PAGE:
An apostille (french for certification) is a particular seal applied by a government authority to certify that a document is a correct copy of an original.
Apostilles are offered in nations, which signed the 1961 Hague Convention Abolishing the Requirement of Legalization of Foreign Public Documents, popularly identified as The Hague Convention. This convention replaces the previously applied time-consuming chain certification procedure, where you had to go to four distinct authorities to get a document certified. The Hague Convention provides for the simplified certification of public (which includes notarized) documents to be made use of in countries and territories that have joined the convention.
Documents destined for use in participating countries and their territories must be certified by one particular of the officials in the jurisdiction in which the document has been executed. With this certification by the Hague Convention Apostille, the document is entitled to recognition in the nation of intended use, and no certification by the U.S. Division of State, Authentications Workplace or legalization by the embassy or consulate is essential.
Note, though the apostille is an official certification that the document is a accurate copy of the original, it does not certify that the original document’s content is appropriate.
Why Do You Need to have an Apostille?
An apostille can be applied whenever a copy of an official document from another nation is required. For example for opening a bank account in the foreign country in the name of your enterprise or for registering your U.S. enterprise with foreign government authorities or even when proof of existence of a U.S. company is necessary to enter in to a contract abroad. In all of these circumstances an American document, even a copy certified for use in the U.S., will not be acceptable. An apostille ought to be attached to the U.S. document to authenticate that document for use in Hague Convention nations.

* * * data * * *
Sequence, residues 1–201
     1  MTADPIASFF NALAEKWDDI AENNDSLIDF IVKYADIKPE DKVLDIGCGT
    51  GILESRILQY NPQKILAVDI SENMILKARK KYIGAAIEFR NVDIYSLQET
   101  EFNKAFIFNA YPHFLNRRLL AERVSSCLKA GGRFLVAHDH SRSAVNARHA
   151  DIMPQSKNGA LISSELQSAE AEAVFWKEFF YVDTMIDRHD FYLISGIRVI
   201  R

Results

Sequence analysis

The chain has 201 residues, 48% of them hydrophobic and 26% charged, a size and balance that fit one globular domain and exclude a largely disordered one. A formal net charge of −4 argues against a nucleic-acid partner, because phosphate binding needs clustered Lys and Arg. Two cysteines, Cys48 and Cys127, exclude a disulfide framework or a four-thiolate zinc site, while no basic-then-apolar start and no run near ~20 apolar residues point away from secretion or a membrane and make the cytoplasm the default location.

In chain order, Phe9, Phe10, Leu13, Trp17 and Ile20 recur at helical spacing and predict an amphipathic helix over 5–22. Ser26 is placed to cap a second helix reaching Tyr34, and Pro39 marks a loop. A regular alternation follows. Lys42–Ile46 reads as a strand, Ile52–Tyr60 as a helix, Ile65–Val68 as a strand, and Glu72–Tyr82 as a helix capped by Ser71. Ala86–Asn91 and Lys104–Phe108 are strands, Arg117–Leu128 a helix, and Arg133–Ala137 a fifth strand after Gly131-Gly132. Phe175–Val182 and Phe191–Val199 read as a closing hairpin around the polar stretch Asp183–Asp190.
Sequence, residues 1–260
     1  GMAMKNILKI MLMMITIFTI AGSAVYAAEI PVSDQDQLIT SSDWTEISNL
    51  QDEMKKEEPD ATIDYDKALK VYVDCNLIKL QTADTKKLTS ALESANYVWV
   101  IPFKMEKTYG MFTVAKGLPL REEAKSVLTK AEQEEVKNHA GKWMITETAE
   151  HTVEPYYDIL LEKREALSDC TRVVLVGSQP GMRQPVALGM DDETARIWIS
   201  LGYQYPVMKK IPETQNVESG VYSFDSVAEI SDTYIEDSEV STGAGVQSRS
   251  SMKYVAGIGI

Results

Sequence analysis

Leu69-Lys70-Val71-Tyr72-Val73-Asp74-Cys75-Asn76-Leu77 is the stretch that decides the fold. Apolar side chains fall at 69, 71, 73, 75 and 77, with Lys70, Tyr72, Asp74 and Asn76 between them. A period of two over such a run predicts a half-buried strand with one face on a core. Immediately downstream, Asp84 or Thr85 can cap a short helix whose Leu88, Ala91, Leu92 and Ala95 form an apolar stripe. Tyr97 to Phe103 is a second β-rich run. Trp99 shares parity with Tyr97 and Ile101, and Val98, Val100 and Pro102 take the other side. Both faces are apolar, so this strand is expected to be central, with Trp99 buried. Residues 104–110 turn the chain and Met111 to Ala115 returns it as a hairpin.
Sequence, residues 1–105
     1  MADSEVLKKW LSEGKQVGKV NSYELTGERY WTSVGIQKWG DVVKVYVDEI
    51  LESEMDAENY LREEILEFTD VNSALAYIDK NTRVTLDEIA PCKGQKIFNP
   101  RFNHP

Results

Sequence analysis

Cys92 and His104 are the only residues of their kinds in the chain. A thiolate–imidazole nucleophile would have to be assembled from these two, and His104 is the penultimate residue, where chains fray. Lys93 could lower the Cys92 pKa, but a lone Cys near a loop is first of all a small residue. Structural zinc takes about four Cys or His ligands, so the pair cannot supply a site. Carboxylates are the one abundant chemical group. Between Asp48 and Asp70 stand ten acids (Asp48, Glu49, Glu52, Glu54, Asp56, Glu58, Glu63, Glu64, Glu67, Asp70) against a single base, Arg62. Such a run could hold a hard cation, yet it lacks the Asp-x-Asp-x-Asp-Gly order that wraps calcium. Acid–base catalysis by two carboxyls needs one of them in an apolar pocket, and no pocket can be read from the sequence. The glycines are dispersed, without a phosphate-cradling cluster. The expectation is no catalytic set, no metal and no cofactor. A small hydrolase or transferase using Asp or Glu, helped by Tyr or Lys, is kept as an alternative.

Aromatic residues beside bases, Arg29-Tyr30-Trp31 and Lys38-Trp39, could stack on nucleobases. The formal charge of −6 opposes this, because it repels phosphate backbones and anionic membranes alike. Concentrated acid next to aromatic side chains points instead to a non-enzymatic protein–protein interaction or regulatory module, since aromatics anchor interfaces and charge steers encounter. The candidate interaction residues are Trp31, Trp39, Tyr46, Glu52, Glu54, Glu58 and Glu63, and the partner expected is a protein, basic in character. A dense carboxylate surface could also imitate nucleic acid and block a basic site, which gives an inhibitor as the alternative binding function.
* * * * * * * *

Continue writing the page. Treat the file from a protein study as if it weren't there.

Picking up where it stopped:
Who Can Get an Apostille?
Considering that October 15, 1981, the United States has been element of the 1961 Hague Convention abolishing the Requirement of Legalization for Foreign Public Documents. Anybody who demands to use a U.S. public document (such as Articles of Organization or Incorporation issued by a Secretary of State) in 1 of the Hague Convention countries may possibly request and obtain an apostille for that specific country.
How to Get an Apostille?
Acquiring an apostille can be a complicated process. In most American states, the process entails getting an original, certified copy of the document you seek to confirm with an apostille from the issuing agency and then forwarding it to a Secretary of State (or equivalent) of the state in query with a request for apostille.
apostille seal That Accept Apostille
All members of the Hague Convention recognise apostille.
Nations Not Accepting Apostille
In nations which are not signatories to the 1961 convention and do not recognize the apostille, a foreign public document must be legalized by a consular officer in the nation which issued the document. In lieu of an apostille, documents in the U.S. commonly will receive a Certificate of Authentication.
Legalization is usually achieved by sending a certified copy of the document to U.S. Division of State in Washington, D.C., for authentication, and then legalizing the authenticated copy with the consular authority for the country where the document is intended to be made use of.